Tyler and Craig discuss second quarter earnings for the S&P 500 and its constituents, which have come in better than expected. Sales were 3% better than Wall Street estimates and earnings were 4.5% better than expectations. Sales and earnings growth were led by the energy sector as earnings in the sector grew by 300% on the backs of higher energy prices. Financials, consumer discretionary, and communication sectors were the only sectors to post earnings declines. Financials were negatively impacted by banks raising loan loss reserves as they prepare for an economic slowdown and the potential for higher loan write offs. Amazon weighed down the consumer discretionary sector with lower earnings, mainly due to a write down of its stock investment in Rivian Automotive. Outside of some weakness in online retail within the sector, consumer spending was strong on travel and entertainment. Spending in the US continues to be strong as evidenced by Disney reporting 70% increases in parks revenue, Starbucks domestic revenue increasing 9%, and American Express credit card spending volumes increasing 25% led by travel and entertainment spending.
Earnings surprises were rewarded by investors as the average stock reaction to a positive report was a 2.1% increase in the stock price the day after the earnings report. This is better than the average increase of 0.8% over the past 5-years and could be attributed to the market participants getting ahead of themselves with a 25% decline in the market before earnings season started.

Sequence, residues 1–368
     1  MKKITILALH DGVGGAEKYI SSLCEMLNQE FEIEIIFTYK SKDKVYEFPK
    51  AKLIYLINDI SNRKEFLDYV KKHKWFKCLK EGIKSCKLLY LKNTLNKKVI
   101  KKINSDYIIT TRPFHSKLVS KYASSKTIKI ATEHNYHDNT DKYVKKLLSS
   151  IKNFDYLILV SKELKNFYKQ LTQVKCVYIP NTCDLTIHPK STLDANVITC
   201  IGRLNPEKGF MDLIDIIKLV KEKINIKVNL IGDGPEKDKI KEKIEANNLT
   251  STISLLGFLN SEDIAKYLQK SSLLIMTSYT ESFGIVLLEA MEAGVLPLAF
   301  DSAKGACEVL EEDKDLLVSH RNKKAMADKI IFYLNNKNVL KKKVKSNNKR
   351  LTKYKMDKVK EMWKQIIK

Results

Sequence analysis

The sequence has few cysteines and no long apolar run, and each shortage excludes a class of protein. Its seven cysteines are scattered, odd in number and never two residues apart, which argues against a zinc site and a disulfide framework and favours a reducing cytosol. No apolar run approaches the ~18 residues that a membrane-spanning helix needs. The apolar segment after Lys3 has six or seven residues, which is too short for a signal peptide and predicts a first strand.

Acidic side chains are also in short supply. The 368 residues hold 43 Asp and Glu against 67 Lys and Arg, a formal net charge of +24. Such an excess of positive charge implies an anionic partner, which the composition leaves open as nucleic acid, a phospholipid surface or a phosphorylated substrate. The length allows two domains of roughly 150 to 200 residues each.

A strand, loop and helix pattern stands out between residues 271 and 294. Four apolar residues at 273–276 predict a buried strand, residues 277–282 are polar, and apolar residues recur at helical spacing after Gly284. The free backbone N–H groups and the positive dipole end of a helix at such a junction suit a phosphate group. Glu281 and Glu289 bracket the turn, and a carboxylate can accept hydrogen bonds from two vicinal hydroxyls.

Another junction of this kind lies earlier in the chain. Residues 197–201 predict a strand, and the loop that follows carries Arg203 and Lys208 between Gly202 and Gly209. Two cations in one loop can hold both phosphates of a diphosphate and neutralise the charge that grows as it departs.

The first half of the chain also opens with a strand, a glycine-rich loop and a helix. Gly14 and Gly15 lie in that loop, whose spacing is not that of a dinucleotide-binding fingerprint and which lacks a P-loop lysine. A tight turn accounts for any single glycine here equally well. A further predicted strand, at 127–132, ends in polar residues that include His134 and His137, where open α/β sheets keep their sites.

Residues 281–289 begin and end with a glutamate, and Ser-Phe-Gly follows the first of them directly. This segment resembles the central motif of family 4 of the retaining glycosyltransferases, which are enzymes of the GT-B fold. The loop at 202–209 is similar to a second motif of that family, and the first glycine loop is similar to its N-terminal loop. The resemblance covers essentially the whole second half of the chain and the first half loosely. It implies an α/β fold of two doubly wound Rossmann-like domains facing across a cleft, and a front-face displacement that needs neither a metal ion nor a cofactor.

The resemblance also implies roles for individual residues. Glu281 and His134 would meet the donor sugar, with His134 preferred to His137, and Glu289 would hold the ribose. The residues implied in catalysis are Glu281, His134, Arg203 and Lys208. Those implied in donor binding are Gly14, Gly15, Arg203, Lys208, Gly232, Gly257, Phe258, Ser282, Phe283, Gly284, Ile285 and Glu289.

Earnings still look good for the remainder of the year with expectations of 8.9% earnings growth for the full year on 11% revenue growth. The S&P 500 currently trades for 17.5x forward earnings which is below its 5-year average of 18.6x, but above its 10-year average of 17x. That valuation, as Craig notes, is dependent upon earnings meeting the current expectations, which have been coming down slightly over the past few months as inflation and the strong dollar are expected to impact company bottom lines.